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Empress Irene

and her son

Constantine VI

Rulers of Byzantium in the Eight Century


On the origins of the

Image of the Madonna and Child.



A Compilation of  Portraits by


Hubert de Vries

Back to Byzantium



Tekstvak: Irene was an orphan from Athens and was and was married off at the age of 17 to Leo IV the Khazar to secure the imperial succession. Leo IV himself was a mental and fysical weakling . He died in 780 after a reign of 29 years of which only five as an emperor. His rule saw the most important struggle of iconoclasm.

During the reign of Constantine V Copronymus (743-775) Irene had already  been depicted with the little Constantine VI on her lap. This combination can also be interpreted as a representation of the Holy Virgin Mary and baby Jesus and she was depicted in this way several times afterwards. Concerning the ‘Virgins and Child’ made during the lifetime of Irene however, we may be quite sure that in fact Irene and Constantine are represented ) Doubtless, these portraits had a propagandistic value because, as they made clear that at last there was a successor to the throne upon Leo IV’s death, no struggle between the pretenders for the succession was to be expected.




There are four versions of the portraits of Irene

In the first version she is represented standing alone in a long, likely blue, dress and a mantle. On her kerchief is a jewel in the shape of a golden square cross and behind her head is a halo which is also present in all other portraits of her.

In the second version she is again dressed in a blue attire with a halo behind her head. On her lap there is the little successor of an age of between the age of two and ten years. He has a halo with a square cross behind his head. This version is doubtlessly the oldest and can date from the last years of the reign of Constantine V. An example is the Lorsch-diptych and the mosaic in the apse of the Hagia Sophia in Constantinople. All later representations of the “Mother of God” are based on this version.

On a third version, the empress again has a halo behind her head, but is crowned and dressed in purple imperial, official dress. She wears the broad collar of pearls which is a part of it. On her feet, she has the red imperial shoes and she is sitting on a red cushion. This version should date from after the  coronation of Irene and Constantine in 776. Gibbon writes:

 “The association of the young Constantine was urged by the officious zeal of his subjects; and the emperor, conscious of his decay, complied, after a prudent hesitation, with their unanimous wishes. The royal infant, at the age of five years, was crowned with his mother Irene; and the national consent was ratified by every circumstance of pomp and solemnity, that could dazzle the eyes, or bind the conscience, of the Greeks. An oath of fidelity was administered in the palace, the church, and the hippodrome, to the several orders of the state, who adjured the holy names of the son, and mother of God. “Be witness, O Christ! that we will watch over the safety of Constantine the son of Leo, expose our lives in his service, and bear true allegiance to his person and posterity.” [1] Examples of the crowned version are the fresco in the Cimetero di S. Ermete in Rome and the so-called Icon of S. Maria in Trastevere, also in Rome.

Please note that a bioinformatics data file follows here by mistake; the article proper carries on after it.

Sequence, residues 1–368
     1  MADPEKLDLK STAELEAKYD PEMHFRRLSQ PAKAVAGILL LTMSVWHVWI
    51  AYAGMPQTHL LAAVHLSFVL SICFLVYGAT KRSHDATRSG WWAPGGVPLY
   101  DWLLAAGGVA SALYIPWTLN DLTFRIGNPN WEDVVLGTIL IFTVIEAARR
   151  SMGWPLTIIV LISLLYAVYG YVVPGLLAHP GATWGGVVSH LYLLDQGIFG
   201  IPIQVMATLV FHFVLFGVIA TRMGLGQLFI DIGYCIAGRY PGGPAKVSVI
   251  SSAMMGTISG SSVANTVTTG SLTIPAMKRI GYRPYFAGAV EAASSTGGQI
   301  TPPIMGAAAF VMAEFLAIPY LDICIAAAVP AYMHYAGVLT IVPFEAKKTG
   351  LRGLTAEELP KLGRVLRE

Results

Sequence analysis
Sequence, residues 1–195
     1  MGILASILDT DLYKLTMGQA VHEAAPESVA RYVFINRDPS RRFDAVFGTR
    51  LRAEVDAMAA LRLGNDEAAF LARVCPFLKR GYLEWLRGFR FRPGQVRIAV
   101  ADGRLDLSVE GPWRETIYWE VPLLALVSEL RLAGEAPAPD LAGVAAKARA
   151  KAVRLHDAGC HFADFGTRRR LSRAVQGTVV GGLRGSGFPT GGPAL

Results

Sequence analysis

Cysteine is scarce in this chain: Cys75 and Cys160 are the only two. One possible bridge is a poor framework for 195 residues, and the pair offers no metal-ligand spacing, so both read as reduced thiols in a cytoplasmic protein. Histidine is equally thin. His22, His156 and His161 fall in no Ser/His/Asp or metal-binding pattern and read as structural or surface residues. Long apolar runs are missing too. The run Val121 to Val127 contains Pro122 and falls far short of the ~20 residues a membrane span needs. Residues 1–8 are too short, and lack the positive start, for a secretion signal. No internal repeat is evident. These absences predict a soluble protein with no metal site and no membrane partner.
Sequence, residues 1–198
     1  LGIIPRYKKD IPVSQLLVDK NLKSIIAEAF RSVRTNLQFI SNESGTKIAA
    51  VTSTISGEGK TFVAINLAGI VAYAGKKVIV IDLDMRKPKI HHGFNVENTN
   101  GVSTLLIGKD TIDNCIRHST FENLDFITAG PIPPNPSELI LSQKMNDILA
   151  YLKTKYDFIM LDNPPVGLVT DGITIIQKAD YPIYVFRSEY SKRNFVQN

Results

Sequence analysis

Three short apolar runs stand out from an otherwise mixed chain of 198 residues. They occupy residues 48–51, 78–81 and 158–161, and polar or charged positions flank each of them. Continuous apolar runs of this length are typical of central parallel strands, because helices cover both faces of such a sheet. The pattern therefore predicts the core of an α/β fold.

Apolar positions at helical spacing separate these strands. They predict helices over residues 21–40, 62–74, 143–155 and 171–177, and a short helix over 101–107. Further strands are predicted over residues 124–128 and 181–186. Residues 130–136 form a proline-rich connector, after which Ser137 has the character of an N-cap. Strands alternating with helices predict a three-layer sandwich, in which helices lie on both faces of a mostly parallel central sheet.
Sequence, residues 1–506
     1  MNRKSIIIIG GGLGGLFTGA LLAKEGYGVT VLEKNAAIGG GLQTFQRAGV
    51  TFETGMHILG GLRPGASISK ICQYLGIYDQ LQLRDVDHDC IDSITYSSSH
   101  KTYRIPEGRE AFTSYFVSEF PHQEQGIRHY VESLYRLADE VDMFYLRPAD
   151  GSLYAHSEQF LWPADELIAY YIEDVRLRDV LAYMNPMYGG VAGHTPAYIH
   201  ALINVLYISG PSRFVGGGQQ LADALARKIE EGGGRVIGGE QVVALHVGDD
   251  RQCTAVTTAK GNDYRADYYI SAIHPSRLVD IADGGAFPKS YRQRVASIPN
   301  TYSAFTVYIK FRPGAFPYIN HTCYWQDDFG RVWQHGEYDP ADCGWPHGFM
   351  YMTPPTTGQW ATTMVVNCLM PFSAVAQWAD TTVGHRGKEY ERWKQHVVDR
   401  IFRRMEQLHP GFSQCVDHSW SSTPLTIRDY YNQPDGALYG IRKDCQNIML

In a fourth version Irene is represented again without Constantine. On the example from the Capella Ricci of the S. Marco in Florence she is dressed exactly like on the icon in the S. Maria in Trastevere but she is standing upright with hands blessing. This version was likely made at the time that she ruled alone, that is to say after 797




It is true that the struggle between the iconoclasts and the iconodules was still going on when the portraits were made. But this doesn’t rule out that Empress Irene is represented, because in the West Irene herself contributed much to the ending of the contest in 786 and was a declared supporter of the iconodules who tolerated the veneration of images. Also the Popes took her side in the contest.

Gibbon devotes a section to Irene and Constantine VI (Vol. III pp. 40 ff..). He characterizes Irene as being ambitious and cruel. Constantine was deposed at her command and she orderd his eyes put out. Afterwards he was banned and died unnoticed years later. Irene herself died in exile in Lesbos under distressed circumstances


The imago’s of Irene and Constantine are the beginning of a vast quantity of representations of mother-and-child, symbolizing the Holy Virgin and Jesus. They are however also in a much older tradition of empress/queen mother and successor. In the West, Irene can be considered to be the ‘Mother of all Madonna’s’. The evolution from the imago of the empress to the mother of Jesus is not so very great because the emperor was worshipped as a god and for that reason Irene could be considered to be the mother of God. One can imagine that after the death of Irene there were a lot of imago’s of her for which a new destination should be found, also because the artistic value of the portraits was often very high. This was possible by letting to fade away the belief that the image was of the Empress Irene, and allowing it instead to represent the image of the Mother of God.






753-† 803

Regent 780-790 / 792-797

Empress 797-802






Mary orans.

Northern wall of the San Marco, Venice,.















1. Lorsch Diptych, front cover. Victoria & Albert Museum, London inv. n° 138 -1866.

The Lorsch Bible has to be dated 790 ca., the year that Constantine VI took over the rule from his mother. The front cover represents him as a baby or a toddler, that is to say in about 772.


2. Mosaic in the Hagia Sophia in Constantinople.

On this mosaic Irene is represented with her little son on her lap. She is dressed in blue attire which indicates that she is not yet an empress. In 776 she was crowned suggesting that this mosaic has to date from the period before that year.


3. Book of Kells, Ms. 58, Trinity College Dublin, fol. 7v.